Showing Collections: 1 - 11 of 11
The collection consists of photocopies of documents pertaining to two prominent families in Charlotte, NC: the Belks and the Everetts. Most of the collection consists of correspondence with Herschel Hill Everett, his daughter, Ann, and her husband, Henderson Belk.
Papers documenting Bernstein's work in the Charlotte arts community (including the Charlotte Symphony, Bechtler Museum and Blumenthal Performing Arts Center), Shalom Park and its constituent organizations and the Charlotte law community. Contains correspondence, newspaper articles, deeds, awards, lectures, journals and printed works.
Personal papers, correspondence and memorabilia from Anita S. Brown. Includes materials from her nearly 30 years at Eastern Air Lines.
Campus Pride is a national nonprofit organization for student leaders and campus groups working to create a safer college environment for LGBT students. Materials include organizational records, publications and ephemera, and teaching materials.
The Charlotte Business guild was created in 1992 as a professional network for lesbian, gay, bisexual, transgender, and allied members of the community. The collection includes organization records such as meeting minutes, a member directory, newsletters, donation letters, and clippings.
Clippings from newspapers from Louisville, K.Y., Philadelphia, P.A., and Baltimore, M.D., primarily concerning the Civil War. Dates from these clippings span the years of 1858-1879.
Sue Henry is a prominent gay rights activist in Charlotte, NC. She was owner of Rising Moon Books & Beyond bookstore, the first out lesbian to run for Mayor of Charlotte, and an active member of several political and social LGBTQ organizations. The collection primarily documents in her participation in the Charlotte LGBTQ+ community in the 1990s, but also includes materials from her childhood and later life.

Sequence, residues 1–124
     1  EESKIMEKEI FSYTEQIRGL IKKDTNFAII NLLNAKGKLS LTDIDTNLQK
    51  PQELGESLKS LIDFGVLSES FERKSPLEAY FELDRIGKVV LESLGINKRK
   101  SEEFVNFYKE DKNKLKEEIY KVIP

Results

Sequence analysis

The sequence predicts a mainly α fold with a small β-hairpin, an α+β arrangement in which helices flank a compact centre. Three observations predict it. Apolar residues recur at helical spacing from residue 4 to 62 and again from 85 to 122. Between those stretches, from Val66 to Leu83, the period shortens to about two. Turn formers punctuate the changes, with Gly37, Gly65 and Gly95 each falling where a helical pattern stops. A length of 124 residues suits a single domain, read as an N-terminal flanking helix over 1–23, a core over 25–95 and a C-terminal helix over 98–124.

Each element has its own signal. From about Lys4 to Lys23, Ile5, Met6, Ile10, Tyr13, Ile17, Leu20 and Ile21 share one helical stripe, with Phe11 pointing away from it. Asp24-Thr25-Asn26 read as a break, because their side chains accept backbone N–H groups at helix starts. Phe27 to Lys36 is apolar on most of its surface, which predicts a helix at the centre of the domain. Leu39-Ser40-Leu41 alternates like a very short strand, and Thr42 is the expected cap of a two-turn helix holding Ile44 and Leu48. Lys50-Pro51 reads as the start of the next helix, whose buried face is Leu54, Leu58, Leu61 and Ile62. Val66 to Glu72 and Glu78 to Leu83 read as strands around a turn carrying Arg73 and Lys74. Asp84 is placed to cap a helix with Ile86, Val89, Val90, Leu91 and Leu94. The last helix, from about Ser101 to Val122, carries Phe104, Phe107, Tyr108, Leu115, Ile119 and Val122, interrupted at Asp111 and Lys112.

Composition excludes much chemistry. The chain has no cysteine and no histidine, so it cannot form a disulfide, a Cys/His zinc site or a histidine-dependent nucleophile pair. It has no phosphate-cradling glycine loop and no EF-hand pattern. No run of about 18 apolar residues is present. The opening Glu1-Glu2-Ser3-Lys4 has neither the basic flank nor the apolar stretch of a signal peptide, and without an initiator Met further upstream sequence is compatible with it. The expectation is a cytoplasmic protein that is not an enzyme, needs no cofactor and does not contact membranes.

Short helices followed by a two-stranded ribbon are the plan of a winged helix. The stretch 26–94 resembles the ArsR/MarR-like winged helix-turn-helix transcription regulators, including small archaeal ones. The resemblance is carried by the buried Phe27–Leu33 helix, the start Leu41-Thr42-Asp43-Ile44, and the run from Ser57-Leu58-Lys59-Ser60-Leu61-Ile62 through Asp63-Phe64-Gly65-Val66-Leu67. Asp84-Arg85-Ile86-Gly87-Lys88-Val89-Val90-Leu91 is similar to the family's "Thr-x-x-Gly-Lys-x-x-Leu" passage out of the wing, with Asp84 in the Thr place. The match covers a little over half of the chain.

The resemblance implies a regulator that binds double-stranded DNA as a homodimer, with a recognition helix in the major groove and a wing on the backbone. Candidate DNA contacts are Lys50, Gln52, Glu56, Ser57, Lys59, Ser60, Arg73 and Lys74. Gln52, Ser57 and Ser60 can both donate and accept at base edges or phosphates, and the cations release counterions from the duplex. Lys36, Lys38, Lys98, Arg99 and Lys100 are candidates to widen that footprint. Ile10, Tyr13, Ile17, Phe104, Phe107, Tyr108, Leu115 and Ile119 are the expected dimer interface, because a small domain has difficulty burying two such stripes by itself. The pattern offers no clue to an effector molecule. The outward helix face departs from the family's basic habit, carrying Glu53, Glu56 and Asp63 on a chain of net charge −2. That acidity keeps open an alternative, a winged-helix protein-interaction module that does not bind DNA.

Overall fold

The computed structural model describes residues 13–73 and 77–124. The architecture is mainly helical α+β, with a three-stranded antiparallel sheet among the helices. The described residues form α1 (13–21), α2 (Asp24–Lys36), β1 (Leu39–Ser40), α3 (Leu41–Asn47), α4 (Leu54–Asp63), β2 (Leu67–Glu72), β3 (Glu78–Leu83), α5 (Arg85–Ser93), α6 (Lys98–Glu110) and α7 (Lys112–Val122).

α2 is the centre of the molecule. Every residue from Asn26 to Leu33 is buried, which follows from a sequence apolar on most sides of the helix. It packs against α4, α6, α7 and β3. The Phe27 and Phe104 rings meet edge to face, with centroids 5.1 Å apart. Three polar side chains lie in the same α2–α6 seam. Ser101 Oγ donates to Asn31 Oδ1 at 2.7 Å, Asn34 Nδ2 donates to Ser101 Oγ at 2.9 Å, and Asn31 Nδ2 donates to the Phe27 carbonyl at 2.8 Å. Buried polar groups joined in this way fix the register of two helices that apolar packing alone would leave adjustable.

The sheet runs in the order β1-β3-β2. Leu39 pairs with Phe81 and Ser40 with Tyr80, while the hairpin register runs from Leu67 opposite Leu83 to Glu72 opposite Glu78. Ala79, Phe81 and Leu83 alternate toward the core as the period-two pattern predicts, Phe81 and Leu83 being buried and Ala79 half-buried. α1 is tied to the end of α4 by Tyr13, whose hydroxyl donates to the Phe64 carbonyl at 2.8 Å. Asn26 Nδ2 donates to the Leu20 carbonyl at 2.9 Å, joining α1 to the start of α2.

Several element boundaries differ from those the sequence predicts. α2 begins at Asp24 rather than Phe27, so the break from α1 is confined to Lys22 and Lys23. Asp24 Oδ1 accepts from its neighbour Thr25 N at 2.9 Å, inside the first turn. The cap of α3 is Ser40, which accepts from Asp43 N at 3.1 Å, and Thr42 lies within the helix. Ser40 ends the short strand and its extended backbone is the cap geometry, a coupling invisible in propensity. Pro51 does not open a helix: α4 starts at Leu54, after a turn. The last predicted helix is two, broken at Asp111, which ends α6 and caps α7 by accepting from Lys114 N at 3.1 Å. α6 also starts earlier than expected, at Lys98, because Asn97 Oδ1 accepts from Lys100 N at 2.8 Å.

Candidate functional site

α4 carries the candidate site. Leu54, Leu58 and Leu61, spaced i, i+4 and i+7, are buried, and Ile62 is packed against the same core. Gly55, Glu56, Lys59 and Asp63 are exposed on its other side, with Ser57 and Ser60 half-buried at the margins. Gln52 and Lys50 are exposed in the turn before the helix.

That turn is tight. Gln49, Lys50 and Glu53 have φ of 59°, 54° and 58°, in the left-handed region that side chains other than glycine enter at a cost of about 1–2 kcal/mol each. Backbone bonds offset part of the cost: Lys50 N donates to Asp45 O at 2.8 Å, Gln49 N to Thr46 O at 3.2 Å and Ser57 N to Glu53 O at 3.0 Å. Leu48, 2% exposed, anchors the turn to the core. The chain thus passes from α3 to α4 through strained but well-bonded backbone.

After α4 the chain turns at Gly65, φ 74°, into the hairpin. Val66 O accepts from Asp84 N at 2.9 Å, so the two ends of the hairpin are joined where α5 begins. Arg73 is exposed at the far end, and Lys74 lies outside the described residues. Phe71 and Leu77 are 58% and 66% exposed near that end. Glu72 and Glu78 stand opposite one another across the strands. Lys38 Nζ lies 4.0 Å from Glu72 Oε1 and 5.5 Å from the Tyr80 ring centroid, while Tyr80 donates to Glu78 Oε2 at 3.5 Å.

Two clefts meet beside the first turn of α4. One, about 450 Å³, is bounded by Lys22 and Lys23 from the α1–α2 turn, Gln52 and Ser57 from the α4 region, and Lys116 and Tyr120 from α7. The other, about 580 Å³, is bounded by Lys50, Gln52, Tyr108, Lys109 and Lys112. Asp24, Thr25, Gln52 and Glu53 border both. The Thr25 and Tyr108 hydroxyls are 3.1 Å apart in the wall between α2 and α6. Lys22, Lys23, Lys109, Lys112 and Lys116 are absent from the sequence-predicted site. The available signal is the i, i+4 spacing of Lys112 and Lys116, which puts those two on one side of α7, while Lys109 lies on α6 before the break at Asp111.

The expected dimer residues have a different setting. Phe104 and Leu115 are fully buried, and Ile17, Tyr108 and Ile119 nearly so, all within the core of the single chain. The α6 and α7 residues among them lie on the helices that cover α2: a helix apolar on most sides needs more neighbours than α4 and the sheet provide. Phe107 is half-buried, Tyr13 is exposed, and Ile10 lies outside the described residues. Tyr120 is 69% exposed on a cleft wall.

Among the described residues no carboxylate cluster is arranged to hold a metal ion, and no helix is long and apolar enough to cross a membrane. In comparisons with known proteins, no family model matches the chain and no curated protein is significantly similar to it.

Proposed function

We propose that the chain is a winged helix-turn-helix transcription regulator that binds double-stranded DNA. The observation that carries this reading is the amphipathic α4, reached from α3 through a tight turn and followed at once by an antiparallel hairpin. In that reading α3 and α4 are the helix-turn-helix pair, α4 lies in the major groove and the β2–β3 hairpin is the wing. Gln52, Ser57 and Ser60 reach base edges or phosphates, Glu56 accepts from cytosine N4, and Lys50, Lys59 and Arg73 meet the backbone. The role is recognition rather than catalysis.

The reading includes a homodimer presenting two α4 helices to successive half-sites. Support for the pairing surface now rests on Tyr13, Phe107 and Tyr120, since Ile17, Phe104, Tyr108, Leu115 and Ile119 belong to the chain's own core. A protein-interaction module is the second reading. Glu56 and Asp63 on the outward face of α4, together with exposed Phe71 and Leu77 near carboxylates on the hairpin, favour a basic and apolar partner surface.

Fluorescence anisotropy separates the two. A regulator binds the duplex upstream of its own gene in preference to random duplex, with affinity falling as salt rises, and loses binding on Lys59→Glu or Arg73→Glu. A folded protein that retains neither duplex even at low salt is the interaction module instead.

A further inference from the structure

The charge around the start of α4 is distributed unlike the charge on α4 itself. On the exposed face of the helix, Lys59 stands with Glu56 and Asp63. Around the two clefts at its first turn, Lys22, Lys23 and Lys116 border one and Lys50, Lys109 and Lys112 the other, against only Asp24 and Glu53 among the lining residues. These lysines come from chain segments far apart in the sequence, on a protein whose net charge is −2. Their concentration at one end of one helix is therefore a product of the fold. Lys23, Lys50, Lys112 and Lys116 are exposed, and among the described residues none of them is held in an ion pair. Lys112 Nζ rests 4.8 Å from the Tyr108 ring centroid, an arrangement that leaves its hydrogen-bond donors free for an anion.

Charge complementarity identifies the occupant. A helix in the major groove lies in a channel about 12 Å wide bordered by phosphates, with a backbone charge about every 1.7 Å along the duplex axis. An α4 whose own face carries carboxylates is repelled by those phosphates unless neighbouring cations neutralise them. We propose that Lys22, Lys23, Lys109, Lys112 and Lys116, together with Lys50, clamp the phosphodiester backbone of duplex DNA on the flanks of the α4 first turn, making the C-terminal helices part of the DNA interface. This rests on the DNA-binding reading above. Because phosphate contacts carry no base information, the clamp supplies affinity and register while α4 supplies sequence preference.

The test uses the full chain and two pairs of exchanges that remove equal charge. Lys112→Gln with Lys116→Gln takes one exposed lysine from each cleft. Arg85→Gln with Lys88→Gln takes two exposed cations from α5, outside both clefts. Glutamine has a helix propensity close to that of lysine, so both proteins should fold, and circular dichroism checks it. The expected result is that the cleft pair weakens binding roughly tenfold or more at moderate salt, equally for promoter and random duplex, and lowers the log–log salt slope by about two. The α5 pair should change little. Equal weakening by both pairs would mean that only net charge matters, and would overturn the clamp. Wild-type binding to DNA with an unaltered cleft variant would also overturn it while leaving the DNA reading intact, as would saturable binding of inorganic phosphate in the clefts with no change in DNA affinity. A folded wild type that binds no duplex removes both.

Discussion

Avery Hood was the first professionally trained and licensed social worker in Charlotte, and her career spanned from the 1960s through the 1970s. This collection focuses mainly on her and her career in social work.
Personal and professional papers including organizational records, magazine and newspaper articles, political buttons, books, posters, decorated HIV vest, brochures.
Clarence O. Kuester, Sr. was active with the Charlotte Chamber of Commerce and a tireless promoter of the city and its business potential. The collection also contains a significant assortment of papers concerning a theatrical production entitled “Shout Freedom,” which was Kuester’s brainchild and was staged just after his death, in the spring of 1948.
Materials pertaining to the research and publishing of North Carolina Century: Tar Heels who Made a Difference, 1900-2000, published by Levine Museum of the New South in Charlotte, NC. (Special Collections CT252 .N67 2002)